This historical fiction novel also has an element of mystery. “The Stolen Marriage,” is a book full of secrets, betrayals, prejudice and forgiveness. This page-turner has likeable well-rounded characters and plenty of family drama. Readers are immersed in a detailed account of the daily life in the American South during World War II.
The story begins in 1944 with 23-year-old nursing student Tess DiMello about to graduate with her degree and engaged to marry the love of her life pediatrician Dr. Vincent Russo. Tess and Vincent have grown up as next-door neighbors in the Little Italy neighborhood of Baltimore, and have planned their future together.
Their plans deviate when Vincent heads to Chicago to temporarily assist with the infantile paralysis crisis that is sweeping the country because of the polio epidemic. Vincent suffers from a heart murmur and cannot fight in the war, but is determined to battle the polio epidemic. His two weeks in Chicago stretches into six months. Each time Tess receives a call explaining that Vincent will once again be detained she selfishly resents it.
Tess’s best friend, Gina, talks her into going to Washington D.C. for the weekend to forget about the war, the polio epidemic and Vincent’s absence. Staying at Gina’s aunt’s tourist home are two businessmen. After a night of dinner, drinking and missing Vincent, Tess is unable to say “no” to the drunken advances of businessman Henry Kraft.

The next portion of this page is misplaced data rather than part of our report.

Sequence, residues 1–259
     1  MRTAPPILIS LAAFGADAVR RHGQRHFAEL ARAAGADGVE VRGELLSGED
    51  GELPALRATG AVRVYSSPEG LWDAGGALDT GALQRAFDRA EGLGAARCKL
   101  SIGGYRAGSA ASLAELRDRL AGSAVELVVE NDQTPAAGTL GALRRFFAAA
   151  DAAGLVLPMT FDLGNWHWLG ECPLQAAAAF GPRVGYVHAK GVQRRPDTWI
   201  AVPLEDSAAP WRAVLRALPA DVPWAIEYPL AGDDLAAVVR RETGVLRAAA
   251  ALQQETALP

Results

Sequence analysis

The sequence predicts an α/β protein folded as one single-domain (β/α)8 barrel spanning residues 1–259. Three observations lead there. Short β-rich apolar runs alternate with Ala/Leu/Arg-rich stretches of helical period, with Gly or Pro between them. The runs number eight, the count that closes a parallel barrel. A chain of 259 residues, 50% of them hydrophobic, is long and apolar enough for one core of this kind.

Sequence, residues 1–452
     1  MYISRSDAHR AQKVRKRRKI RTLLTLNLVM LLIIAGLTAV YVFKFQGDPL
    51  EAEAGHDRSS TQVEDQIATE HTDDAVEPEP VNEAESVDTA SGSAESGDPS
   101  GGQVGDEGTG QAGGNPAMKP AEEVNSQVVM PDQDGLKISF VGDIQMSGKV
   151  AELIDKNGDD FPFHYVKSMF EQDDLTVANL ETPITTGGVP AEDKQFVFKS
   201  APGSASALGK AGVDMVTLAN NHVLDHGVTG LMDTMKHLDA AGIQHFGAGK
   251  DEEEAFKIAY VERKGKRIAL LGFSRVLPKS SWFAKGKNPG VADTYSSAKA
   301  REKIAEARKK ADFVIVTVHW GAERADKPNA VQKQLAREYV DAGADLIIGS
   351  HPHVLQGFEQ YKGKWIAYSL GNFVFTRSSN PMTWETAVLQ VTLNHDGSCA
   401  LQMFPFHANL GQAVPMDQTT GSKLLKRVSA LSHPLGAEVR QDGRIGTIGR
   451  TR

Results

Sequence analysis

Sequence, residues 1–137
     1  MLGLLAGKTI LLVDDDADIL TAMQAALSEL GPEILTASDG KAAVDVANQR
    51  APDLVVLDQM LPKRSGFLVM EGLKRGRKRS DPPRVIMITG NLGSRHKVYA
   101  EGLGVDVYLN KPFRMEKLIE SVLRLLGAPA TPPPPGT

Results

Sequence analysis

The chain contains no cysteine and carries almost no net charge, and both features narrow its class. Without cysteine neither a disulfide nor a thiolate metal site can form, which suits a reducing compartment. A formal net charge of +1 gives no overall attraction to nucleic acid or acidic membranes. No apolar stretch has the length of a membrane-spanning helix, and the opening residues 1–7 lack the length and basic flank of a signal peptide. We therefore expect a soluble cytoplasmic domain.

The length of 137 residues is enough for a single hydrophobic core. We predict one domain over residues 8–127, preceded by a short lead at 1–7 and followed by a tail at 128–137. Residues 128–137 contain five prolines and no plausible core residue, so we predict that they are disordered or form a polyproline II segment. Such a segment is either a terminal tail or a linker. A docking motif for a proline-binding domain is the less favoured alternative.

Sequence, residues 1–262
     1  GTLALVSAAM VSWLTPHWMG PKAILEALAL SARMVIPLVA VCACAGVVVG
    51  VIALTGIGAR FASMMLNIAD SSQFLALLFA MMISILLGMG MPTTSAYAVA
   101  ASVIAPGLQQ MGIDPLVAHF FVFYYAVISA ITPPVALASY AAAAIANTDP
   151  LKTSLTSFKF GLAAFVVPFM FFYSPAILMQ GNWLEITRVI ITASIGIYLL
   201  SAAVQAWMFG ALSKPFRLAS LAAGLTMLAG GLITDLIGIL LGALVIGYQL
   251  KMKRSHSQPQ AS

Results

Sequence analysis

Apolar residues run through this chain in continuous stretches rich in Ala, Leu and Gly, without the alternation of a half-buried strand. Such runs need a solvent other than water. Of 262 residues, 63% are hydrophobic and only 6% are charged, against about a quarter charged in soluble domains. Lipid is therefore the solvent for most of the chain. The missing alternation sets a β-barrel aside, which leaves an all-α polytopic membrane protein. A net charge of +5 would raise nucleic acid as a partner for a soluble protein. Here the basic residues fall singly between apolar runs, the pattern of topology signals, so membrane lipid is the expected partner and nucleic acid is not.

Tess quietly returns to Baltimore and soon realizes she is pregnant. She heads to Hickory, North Carolina to look up furniture factory owner Henry Kraft to ask him for financial support. Tess plans to take the money and find a nursing job away from Baltimore and raise her child alone. Henry has his own secrets and surprises Tess by proposing marriage. Tess accepts the proposal and moves to Hickory leaving behind a note for Vincent with his engagement ring.
Tess soon learns that her marriage to Henry is a farce, a marriage of convenience, allowing him to keep his secrets. It is a life-changing mistake for them both to have married. The Krafts are a wealthy well-respected southern family and they consider Tess as an outsider and gold-digger.
Things change when a children’s polio hospital is established in Hickory. The people of Hickory work together to build and staff the polio hospital in a mere 54 hours. Tess, against the Kraft family wishes, gets her North Carolina nursing license and volunteers at the hospital. The people of Hickory change their attitude towards Tess as they watch her work at the hospital, and she changes her attitude about them.
Eventually Henry and Tess learn more about one another. As the story progresses and the secrets unfold, readers will gain respect for Henry because of his open mindedness, flexibility, generosity and good heart. One can’t help but cheer Tess on as she deals with each crisis she encounters, growing in strength and confidence.
Chamberlain had written an engrossing book that expertly merges historical fact with fiction. She’s also created a cast of likeable characters. Fans of Jodi Picoult will love this book.